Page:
Suzie and Laura attended a drum and dance contest last weekend with Madina. The theme of the event was “Abuse Awareness.” A number of schools participated and each prepared three or four plays which turned out to be variations on a theme of sexual abuse. For over five hours they watched play after play graphically depicting rape scenes and other abusive scenes (nothing else) and with each one the audience laughed outright, over and over. Everyone was laughing, and these were graphic scenes that anywhere in the U.S. we would be shocked to even hear about. The scenes weren’t depicted in a comical way, but the content was so dramatic and true to (their) lives that I suppose the tragedy of it all has become comical to them.

No “answers” were presented; no recourse was shown to the victims of the abuse. The purpose seemed merely to depict situations that everyone knows about and no one does anything to change – and to advise the “next generation” to change things.

As I sat on the taxi driving to Kampala that morning I watched the hordes of people – those living in squalor, the utter, veritable rawness of life here still strikes me deeply. I saw (and see) so much need. Thousands of people without shoes, without homes, without food, without jobs, without education, crammed into the suburbs of an unconcerned city, subsisting for another day.

I was overcome by the thought of Christ among the masses here, masses who are lost, angry, pain-laden; overcome by their own failures and tortured by the sins of others.

What can be done to help such a society? The words of Tolstoy, I think from Anna Karenina, came to mind, “All happy families are similar; but each unhappy family is unhappy in its own way” (or something like that.) A happy people follows certain principles and ideals and experiences freedom, prosperity and hope to the same extent that it follows those ideals.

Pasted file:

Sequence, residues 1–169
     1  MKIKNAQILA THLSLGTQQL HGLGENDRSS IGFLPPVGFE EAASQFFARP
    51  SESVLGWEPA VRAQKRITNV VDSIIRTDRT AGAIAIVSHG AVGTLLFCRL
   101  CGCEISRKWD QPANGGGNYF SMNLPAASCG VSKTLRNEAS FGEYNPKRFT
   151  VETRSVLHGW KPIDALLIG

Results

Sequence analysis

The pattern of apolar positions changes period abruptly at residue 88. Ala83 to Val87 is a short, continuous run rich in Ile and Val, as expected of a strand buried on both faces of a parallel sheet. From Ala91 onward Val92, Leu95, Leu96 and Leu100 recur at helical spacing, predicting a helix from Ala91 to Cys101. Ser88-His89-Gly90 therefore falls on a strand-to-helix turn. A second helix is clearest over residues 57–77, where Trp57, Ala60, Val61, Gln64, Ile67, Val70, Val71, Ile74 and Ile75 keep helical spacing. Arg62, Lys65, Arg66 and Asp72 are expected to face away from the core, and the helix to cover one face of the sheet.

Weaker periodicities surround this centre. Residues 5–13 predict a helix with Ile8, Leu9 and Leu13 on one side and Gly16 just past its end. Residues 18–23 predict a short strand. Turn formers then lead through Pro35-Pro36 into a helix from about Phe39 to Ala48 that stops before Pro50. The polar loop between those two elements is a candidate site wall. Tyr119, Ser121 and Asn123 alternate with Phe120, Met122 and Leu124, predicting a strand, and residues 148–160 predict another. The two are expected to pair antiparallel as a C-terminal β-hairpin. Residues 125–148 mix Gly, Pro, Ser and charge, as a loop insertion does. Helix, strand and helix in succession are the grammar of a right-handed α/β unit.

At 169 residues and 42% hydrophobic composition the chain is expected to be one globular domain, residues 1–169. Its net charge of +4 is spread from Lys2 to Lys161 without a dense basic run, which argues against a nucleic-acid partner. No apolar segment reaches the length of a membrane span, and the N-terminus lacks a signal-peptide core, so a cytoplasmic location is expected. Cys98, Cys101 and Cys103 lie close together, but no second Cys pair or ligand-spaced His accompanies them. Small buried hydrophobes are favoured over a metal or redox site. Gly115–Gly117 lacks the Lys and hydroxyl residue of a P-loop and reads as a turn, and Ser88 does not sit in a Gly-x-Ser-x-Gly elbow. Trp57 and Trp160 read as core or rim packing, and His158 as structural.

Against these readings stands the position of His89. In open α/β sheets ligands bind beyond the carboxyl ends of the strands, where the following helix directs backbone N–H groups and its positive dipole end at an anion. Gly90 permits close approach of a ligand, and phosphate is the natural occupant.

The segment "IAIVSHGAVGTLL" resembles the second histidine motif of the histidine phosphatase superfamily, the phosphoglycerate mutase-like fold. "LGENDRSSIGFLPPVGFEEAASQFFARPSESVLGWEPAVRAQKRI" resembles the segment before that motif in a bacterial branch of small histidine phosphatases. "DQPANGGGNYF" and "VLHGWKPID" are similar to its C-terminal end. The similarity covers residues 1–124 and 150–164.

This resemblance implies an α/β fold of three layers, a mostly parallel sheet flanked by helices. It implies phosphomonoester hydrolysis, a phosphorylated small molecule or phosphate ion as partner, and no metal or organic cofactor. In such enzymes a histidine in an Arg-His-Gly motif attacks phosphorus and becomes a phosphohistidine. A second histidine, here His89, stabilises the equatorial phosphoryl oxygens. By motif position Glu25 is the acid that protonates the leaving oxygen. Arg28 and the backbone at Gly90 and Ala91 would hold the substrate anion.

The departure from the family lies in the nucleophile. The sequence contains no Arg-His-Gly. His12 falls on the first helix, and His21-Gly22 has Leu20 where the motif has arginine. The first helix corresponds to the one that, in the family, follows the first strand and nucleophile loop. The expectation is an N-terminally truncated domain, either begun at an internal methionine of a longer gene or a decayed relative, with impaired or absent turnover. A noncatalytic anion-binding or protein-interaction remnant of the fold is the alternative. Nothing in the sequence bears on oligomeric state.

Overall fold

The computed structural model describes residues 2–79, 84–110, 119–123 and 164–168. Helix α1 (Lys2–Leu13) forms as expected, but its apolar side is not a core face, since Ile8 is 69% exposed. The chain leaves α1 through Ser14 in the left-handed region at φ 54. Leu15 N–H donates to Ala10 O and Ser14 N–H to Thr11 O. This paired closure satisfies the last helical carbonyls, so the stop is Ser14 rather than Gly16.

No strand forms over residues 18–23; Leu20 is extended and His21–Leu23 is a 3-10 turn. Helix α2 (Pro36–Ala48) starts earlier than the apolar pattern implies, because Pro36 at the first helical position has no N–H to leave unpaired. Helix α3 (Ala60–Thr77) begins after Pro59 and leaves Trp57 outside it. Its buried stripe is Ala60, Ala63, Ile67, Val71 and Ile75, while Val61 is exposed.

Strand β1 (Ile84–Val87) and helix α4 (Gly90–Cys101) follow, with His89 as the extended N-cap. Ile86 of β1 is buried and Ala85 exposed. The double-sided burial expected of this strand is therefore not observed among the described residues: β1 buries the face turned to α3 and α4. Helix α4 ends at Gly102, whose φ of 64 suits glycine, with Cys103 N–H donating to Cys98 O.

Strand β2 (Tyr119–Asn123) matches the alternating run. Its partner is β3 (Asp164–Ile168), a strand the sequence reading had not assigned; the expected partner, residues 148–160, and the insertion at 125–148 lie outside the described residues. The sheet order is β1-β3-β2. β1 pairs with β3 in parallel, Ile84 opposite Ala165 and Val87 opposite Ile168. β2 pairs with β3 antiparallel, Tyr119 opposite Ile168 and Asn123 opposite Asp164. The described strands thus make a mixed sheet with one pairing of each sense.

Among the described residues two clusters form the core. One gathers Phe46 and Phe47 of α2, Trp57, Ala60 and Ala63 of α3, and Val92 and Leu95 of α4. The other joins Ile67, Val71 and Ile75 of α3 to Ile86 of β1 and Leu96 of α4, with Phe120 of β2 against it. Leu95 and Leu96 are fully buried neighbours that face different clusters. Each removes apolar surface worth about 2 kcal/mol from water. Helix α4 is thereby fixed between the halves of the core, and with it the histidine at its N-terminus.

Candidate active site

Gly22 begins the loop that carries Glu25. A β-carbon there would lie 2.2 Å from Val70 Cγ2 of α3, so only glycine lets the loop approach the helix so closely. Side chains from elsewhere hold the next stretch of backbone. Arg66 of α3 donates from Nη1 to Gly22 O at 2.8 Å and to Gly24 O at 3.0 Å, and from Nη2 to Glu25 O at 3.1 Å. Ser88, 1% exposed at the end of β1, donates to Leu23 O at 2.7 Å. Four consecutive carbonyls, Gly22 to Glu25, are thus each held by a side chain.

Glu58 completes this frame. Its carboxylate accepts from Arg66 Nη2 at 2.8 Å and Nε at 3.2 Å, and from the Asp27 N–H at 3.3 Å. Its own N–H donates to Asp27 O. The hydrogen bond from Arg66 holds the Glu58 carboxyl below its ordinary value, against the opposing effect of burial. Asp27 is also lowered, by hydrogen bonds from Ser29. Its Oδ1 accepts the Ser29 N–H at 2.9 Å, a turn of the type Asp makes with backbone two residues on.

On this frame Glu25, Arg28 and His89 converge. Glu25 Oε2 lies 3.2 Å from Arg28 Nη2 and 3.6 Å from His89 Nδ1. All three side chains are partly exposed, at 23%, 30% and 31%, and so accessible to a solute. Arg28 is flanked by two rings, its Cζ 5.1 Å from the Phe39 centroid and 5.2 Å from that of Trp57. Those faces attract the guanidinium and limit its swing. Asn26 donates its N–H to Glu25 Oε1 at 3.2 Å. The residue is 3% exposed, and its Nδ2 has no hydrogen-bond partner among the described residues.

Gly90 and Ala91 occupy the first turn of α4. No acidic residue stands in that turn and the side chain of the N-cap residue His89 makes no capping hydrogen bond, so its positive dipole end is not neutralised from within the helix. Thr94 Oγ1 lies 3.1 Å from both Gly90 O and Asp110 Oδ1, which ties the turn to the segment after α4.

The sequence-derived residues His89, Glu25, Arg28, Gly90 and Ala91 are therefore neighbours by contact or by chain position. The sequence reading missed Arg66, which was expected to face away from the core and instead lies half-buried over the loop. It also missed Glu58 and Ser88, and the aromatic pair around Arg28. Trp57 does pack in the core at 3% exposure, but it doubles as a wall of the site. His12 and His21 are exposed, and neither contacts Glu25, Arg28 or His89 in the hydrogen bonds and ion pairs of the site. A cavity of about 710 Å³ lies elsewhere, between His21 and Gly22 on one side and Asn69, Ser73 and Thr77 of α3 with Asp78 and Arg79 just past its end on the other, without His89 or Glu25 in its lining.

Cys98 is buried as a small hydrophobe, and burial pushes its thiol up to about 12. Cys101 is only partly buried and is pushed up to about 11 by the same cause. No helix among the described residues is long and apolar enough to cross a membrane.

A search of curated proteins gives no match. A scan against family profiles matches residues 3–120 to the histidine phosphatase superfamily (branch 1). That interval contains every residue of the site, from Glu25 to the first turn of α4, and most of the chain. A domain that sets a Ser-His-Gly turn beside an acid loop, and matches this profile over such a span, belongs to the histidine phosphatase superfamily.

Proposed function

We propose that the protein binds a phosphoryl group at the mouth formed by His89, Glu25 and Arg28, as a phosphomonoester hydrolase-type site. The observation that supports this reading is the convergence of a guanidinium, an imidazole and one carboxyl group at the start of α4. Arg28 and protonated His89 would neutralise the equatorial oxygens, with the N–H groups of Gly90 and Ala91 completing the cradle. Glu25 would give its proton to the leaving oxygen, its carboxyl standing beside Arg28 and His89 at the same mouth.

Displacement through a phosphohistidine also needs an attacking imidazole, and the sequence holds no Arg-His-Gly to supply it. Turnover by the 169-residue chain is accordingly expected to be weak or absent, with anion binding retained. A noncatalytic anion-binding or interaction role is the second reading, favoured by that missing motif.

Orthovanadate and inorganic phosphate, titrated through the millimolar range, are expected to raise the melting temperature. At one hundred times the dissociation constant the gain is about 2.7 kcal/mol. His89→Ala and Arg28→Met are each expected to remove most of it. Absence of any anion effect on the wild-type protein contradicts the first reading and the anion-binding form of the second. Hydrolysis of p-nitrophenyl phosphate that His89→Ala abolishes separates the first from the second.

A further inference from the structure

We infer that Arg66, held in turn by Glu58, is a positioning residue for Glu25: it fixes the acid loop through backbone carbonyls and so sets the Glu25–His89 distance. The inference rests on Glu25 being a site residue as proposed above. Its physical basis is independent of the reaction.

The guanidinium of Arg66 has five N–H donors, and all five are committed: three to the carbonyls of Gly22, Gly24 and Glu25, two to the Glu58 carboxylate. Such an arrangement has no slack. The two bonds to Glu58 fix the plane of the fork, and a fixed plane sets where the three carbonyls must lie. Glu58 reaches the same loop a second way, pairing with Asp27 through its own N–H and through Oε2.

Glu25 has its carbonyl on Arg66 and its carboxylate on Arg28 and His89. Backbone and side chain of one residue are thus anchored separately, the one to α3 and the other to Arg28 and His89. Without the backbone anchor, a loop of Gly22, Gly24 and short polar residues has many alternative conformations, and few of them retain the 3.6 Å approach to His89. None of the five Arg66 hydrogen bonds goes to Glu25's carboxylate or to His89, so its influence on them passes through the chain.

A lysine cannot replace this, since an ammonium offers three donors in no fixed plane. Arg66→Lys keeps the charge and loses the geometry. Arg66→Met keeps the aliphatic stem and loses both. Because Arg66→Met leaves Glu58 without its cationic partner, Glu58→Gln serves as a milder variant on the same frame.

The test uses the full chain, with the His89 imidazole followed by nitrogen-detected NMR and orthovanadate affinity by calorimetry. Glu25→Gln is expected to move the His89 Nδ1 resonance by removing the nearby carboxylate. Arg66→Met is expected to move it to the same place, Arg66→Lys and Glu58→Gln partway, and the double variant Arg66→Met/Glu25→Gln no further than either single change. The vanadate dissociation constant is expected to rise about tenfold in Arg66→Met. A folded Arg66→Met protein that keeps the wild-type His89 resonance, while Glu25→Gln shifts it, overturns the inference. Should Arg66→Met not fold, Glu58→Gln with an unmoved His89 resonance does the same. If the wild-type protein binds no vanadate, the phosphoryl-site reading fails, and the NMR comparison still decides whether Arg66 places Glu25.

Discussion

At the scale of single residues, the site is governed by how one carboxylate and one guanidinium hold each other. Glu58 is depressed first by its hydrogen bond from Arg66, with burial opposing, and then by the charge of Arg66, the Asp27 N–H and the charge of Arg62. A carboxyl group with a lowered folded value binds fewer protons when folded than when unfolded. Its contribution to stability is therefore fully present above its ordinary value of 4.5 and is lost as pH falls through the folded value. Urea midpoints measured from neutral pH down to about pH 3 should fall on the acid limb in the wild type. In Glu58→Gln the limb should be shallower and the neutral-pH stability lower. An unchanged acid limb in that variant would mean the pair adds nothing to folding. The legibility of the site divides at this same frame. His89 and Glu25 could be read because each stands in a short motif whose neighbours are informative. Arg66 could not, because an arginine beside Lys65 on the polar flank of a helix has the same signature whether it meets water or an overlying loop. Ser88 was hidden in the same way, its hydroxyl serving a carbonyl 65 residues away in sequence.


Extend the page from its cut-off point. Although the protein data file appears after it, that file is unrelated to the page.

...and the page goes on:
But third world countries are full of a million, or millions, of tales of rape, pillage, corruption, bribery, deceit, failed families and confused lives. Every person’s story is tragic and unique, and yet they are all the same in that they each bear the tell-tale signs of a people in bondage. It is a mental and emotional bondage primarily; physical only secondarily.

Isaiah says that “where there is no vision, the people perish.” There is little vision here, and figuratively it is difficult to accompany a dying man to his grave; it is also difficult to convince the man with one foot planted in death’s door, the other about to follow – it is difficult to convince that man that if he would only open his eyes he might return to the land of the living. Certainly part of him wants to return. But without the consent and concurrence of his mind and his heart, he will follow his own will into a distant world.